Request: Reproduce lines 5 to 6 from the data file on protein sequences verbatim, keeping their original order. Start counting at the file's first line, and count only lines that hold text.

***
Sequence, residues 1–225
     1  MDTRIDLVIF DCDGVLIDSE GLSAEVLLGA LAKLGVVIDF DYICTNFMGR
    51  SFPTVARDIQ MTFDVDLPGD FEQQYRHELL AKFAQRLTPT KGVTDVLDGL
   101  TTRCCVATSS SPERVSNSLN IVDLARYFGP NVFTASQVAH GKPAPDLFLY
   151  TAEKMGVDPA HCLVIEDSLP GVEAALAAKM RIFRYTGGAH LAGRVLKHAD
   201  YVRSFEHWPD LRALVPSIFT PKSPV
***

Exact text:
   151  TAEKMGVDPA HCLVIEDSLP GVEAALAAKM RIFRYTGGAH LAGRVLKHAD
   201  YVRSFEHWPD LRALVPSIFT PKSPV